Yep, it was 30 years ago — 1986 — that the city started it's heavy-handed crackdown that killed spring break. The Button and The Candy Store are long gone. And we don't have the crowds of spring breakers that peaked at over 350,000 in 1985.

But while on the beach, I figured it was a good time to catch up with an old friend, Tim Schiavone, part owner of the Parrot Lounge just south of Sunrise Blvd.

Schiavone is 65 now, and one of the remaining remnants of the old spring break. He came to Fort Lauderdale in 1973 when he was 22, driving down from New Jersey in a '67 Chevy van. He never left.

"Do I miss (the crowded spring break?) How can you not miss something that made you feel so young," he said.

"I just fell in love. Every day was an adventure."

We talked about the times people would crowd into his bar in the morning if a hurricane was threatening. People would wait for the storm, and boo if it didn't come.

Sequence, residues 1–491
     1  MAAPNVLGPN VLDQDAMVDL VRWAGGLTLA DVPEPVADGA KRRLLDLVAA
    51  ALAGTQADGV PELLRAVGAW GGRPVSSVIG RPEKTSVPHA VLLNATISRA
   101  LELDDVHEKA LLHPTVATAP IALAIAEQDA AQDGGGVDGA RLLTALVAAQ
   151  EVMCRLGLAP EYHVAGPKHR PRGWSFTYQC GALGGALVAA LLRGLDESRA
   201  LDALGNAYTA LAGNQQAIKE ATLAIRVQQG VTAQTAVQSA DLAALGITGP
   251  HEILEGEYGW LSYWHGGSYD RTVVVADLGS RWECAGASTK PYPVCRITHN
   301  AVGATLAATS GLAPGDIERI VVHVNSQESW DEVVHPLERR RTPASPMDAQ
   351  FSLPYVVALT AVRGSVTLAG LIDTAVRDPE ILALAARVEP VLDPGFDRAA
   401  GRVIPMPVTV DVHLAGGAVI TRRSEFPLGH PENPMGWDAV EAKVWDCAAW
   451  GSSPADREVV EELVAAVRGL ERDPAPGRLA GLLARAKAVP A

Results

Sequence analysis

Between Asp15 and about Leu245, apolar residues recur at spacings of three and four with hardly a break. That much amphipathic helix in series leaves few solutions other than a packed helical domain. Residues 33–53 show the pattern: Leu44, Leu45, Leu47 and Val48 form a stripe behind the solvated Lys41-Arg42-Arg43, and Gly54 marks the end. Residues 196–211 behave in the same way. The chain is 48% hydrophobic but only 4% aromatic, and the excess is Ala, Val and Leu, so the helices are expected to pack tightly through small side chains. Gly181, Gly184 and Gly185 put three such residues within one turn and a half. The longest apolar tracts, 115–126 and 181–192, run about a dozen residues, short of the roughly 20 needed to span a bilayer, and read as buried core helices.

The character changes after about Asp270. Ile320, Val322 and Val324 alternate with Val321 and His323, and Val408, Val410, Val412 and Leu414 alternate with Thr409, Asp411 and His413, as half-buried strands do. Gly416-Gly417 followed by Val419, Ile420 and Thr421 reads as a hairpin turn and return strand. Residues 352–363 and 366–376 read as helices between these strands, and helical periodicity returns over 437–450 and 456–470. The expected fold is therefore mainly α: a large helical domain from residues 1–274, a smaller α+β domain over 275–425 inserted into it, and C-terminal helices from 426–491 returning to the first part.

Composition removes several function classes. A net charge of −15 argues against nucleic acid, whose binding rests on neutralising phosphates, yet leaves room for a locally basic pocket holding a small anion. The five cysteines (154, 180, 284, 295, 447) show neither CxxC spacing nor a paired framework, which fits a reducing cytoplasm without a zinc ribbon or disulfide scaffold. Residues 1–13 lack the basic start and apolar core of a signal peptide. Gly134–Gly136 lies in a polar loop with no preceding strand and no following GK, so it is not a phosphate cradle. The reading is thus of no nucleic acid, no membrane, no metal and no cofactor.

Times change.

We no longer laugh at hurricanes. Schiavone is still a glorified beach bum, but he's now on the Beach Advisory Board and the Tourist Development Council. There is a sidewalk plaque on the beach, honoring Schiavone for welcoming "millions to our beach while living the American Dream."

Listen, the beach improvements were needed. But still, you have to smile when you recall the old days.

"We used to be a bad-ass joint," Schiavone said.

"We used to have seven beers on draft for a buck. Now, you're lucky to get a song on the juke box for a buck."

And you wouldn't recognize the new juke box. It's a huge high-tech contraption connected to the Internet. Schiavone also sells 100 craft beers.

"I used to sell just Old Milwaukee and Busch," he laughed.

Man, it was fun back then. The college kids have fun now — the few who come — but they have no idea what it was like.

"Spring break, Woodstock and the Yankees winning the World Series every year all went out the window," Schiavone sighed.

"Spring break was a phenomenon, but it's not coming back.

"I'm blessed to have lived through it. I proved my body, my mind, my soul could rebound from extreme damage. I developed with the city ... the city let me grow and be successful."

And he's still living the dream.

"Hey," he grinned, "I'm still on vacation."

Excerpted from the article by Gary Stein, Reporter
Sun-Sentinel